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Interior Secretary Ken Salazar says he's scrapping the lease of dozens of parcels of federal land for oil and gas drilling in Utah's redrock country.
Salazar says the Bush administration rushed an auction in December of some of the country's most precious landscapes around national parks and the wild Green River.
Salazar on Wednesday ordered the Bureau of Land Management, which is part of the Interior Department, not to cash checks from winning bidders for the parcels at issue in a lawsuit filed by environmental groups.
A federal judge last month put the sale of the 77 parcels on hold. Now Salazar is saying he won't sell any of them -- at least not until the Obama administration has a chance to take a second look.
In a news release, Salazar said, "We will take a fresh look at these 77 parcels and at the adequacy of the environmental review and analysis that led to their being offered for oil and gas development. I am also concerned that there was inadequate consultation with other agencies, including the National Park Service."
The parcels total about 130,225 acres and are in the vicinity of two national parks and Dinosaur National Monument.
Environmental groups and actor Robert Redford have been fighting the lease auction that was announced on Election Day. They believe some of the land in question is too close to national parks and monuments.
Environmental groups called today's announcement a step in the right direction. Stephen Bloch, an attorney for the Southern Utah Wilderness Alliance, said, "We're thrilled. We think that Secretary Salazar made exactly the right move to tell the BLM to back off from leasing these 77 parcels."
But petroleum advocates fear the decision will impact the state's economy. President of the Utah Petroleum Association Lee Peacock said, "It will put a damper on future oil and gas development if this sentiment continues because we do depend on the use of those public lands."
Sen. Bob Bennett said he was disappointed with today's decision. He sent a statement that reads in part: "I am concerned that today's announcement was motivated more by political reasons than environmental reasons, and I hope this is not a preview of what is to come for Utah in the Obama administration."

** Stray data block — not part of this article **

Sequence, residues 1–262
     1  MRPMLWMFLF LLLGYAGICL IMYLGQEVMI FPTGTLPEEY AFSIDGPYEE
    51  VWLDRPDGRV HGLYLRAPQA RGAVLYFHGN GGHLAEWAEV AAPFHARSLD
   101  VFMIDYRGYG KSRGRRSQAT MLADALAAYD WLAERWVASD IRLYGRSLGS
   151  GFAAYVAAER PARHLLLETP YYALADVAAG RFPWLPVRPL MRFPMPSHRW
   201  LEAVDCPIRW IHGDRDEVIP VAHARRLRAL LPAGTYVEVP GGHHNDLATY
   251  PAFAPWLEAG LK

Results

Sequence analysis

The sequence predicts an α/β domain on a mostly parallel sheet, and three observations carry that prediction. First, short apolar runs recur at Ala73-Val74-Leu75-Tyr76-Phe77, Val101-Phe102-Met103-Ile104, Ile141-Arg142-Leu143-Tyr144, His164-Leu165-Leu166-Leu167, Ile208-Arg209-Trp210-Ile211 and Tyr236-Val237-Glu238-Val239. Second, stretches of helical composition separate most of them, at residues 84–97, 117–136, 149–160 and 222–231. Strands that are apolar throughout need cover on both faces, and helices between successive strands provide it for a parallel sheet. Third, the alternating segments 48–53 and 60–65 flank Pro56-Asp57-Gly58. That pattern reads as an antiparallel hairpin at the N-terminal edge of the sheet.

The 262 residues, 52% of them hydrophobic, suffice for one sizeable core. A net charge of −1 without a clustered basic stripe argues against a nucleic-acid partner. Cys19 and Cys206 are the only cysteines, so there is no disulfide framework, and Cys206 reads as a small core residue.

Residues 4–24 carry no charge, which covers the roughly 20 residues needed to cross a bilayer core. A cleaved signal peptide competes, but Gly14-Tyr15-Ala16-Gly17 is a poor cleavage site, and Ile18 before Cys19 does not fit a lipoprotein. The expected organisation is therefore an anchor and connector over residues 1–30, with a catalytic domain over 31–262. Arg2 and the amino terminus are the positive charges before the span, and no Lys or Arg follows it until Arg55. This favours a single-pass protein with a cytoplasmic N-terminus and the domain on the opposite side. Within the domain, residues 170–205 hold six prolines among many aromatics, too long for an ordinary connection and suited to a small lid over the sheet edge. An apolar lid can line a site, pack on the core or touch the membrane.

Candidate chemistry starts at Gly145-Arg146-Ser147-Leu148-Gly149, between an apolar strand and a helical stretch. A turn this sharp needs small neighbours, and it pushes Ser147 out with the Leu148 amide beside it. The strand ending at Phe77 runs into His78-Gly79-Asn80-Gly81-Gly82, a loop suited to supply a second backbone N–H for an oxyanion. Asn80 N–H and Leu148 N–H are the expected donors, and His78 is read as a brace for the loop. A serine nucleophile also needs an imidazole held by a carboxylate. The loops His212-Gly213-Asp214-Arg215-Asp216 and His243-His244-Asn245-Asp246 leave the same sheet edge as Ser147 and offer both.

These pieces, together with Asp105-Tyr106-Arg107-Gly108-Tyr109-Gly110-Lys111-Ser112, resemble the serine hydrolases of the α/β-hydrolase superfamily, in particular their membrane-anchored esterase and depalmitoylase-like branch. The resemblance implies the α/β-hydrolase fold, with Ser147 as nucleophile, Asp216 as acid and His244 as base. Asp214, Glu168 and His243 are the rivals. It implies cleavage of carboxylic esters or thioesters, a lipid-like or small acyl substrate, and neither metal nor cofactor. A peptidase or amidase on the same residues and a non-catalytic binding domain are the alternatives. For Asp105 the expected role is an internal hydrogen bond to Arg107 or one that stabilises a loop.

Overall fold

Of the 130 parcels offered, bids were received on 116 parcels, totaling 148,598 acres.
Separately, an investigation is ongoing into an environmental activist who infiltrated the lease auction. Tim DeChristopher, a college economics student, bid up prices at the auction and ended up winning 13 parcels in an effort, he says, to protect wild lands in Utah.
The U.S. Attorney for the Utah District, Brett L. Tolman, issued a statement saying today's action by the Interior Department does not impact the investigation into DeChristopher. He said, "Today's decision by the Interior Department to withdraw the BLM oil and gas leases in Utah does not impact our obligation to analyze the facts and law at the time of the alleged conduct in the DeChristopher case.
"The decision to withdraw the leases does not wipe the slate clean. We are obligated to enforce the law, a responsibility we take very seriously. As we do with every case referred to our office, we will continue to carefully review the facts in this case and, if appropriate, present it to a grand jury. Because it is an ongoing criminal investigation, we will not be making further comment."
(Copyright 2008 Bonneville International Corporation. All rights reserved. This material may not be published, broadcast, rewritten, or distributed. AP contributed to this report.)